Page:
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61. 1787, Jan. 6.
62. 1787, Aug. 1, 2.
63. 1789, Nov. 23.
64. 1788, Nov. 22.
Act for appointing deputies to the Philadelphia Constitutional Convention of 1787, with names of those delegates who were elected.
From the New York Public Library.
Declaration of Rights and Amendments proposed by the first North Carolina ratifying convention. (4 pp. on folded sheet.)
[Hillsborough: Printed by Robert Ferguson.] From the Historical Society of Pennsylvania (p. 1) and the Library of Congress (pp. 2, 3, 4). Evans 21341.
Resolution of the second North Carolina ratifying convention instructing the Representatives of North Carolina in Congress to apply for specified amendments to the Constitution.
[Edenton: Printed by Hodge and Wills.]
From the New York Public Library. Evans 22039.
To the Citizens of Charleston District. [An election broadside by William Smith defending himself against the charge of his opponent, David Ramsay, that he had not been in the United States seven years and therefore was not qualified to run for representative.] From the Library of Congress.
CONGRESS OF THE CONFEDERATION
Congress, having received the report of the Convention. lately assembled at Philadelphia, resolves unanimously to transmit it to the States. [Signed] Charles Thomson, Secretary.
Philadelphia: Printed by Dunlap and Claypoole. From the Library of Congress. Perhaps Evans 20790.
The Committee . to whom were referred the Ratifications of the New Constitution which have been transmitted to Congress by the several ratifying States, report as follows:
From the Library of Congress. Evans 21520. Resolution of Congress providing for the setting up of the Government under the Constitution. [With the pen signature of Chas. Thomson, Secy.]
From the New York Public Library. Evans
68. 1789, April 29.
68a. 1789, April 30.
69. 1789, June 27.
70. 1789, July 28.
71. 1789, Aug. 24.
72. 1789, Sept. 29.
73. 1789, Dec. 7.
74. 1790, June 2.
75. 1794, Jan. 15.
CONGRESS UNDER THE CONSTITUTION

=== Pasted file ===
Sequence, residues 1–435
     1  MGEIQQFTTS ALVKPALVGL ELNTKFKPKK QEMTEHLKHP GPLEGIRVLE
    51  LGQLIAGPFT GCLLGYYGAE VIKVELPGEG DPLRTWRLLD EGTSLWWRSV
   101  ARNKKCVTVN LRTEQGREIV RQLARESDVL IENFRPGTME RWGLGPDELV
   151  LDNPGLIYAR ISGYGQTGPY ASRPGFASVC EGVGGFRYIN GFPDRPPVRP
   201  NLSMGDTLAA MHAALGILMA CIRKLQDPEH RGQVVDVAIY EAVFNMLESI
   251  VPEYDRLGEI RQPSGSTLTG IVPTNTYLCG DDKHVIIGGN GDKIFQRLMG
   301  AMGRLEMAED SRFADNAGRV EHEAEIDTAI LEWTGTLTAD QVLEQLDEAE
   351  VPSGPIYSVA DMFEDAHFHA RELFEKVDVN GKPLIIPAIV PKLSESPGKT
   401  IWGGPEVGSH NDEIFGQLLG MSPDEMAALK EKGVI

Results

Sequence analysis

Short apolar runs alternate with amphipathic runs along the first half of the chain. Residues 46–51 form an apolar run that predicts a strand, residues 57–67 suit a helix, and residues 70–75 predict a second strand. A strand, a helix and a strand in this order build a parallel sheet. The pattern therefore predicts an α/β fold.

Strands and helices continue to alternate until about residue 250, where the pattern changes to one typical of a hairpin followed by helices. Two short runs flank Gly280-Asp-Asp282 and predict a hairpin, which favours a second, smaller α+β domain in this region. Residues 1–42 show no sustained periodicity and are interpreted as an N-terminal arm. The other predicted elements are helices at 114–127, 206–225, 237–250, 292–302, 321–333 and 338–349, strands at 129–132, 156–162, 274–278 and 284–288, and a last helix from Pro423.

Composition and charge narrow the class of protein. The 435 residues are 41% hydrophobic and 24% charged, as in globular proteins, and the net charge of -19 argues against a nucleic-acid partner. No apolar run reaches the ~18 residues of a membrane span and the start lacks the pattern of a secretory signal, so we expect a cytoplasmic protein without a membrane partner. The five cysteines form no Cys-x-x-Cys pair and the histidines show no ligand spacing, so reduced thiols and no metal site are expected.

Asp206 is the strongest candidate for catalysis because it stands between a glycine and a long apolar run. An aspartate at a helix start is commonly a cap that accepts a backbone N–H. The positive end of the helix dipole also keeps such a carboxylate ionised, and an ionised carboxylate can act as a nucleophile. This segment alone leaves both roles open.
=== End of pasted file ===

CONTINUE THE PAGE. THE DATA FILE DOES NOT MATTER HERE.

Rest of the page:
Order of ceremony at the inauguration of Washington as the first President of the United States, as arranged by the committees of Congress.
From the Library of Congress.
Speech of his Excellency the President of the United States to both Houses of Congress. [Washington's first inaugural address.]
[Albany:] Printed by C. R. and G. Webster. From The Huntington Library, San Marino, California. Reproduced by permission.
An Act to establish an Executive Department to be denominated the Department of War.
New York: Printed by Thomas Greenleaf.
From Library of Congress. Cf. Evans 22194. Report of a committee of the House of Representatives on proposed amendments to the Constitution. (2pp.) New York: Printed by Thomas Greenleaf.
From the Library of Congress. Evans 22200. Seventeen amendments to the Constitution passed by the House and referred to the Senate. (3pp.)
New York: Printed by T. Greenleaf, near the
From the Library of Congress. Evans 22201. An Act making Appropriations for the service of the present Year. An Act to recognize and adapt to the Constitution of the United States the establishment of the troops. An Act to regulate Processes in the Courts of the United States. (2pp. on both sides.)
From the William L. Clements Library, University of Michigan.
Petition that the residence of Congress be on the Potomac issued by a committee of residents of Alexandria and Georgetown.
[Alexandria: Printed by Hanson and Bond.]
From the Library of Congress. Evans 21637. News broadside announcing the House has voted the next session of Congress be held in Philadelphia and that Rhode Island has ratified the Constitution.
[Philadelphia:] Printed by Dunlap and Claypoole. From the N. Y. Public Library. Evans 22986. City of Washington. Articles of Agreement for the purpose of raising and investing a Capital in Lots of Building in the said City. [James Greenleaf.] From the Pa. State Library. Evans 27068.
SPECIAL COMMEMORATIVE POSTAGE STAMPS THREE special postage stamps were issued by the United States Government during the celebration, commemorating the Signing of the Constitution, its Ratification by the Ninth State, New Hampshire (which made it binding upon the states which had previously ratified), and the Inauguration of George Washington as First President of the United States. Each stamp was 3-cent denomination, used for carrying letter mail.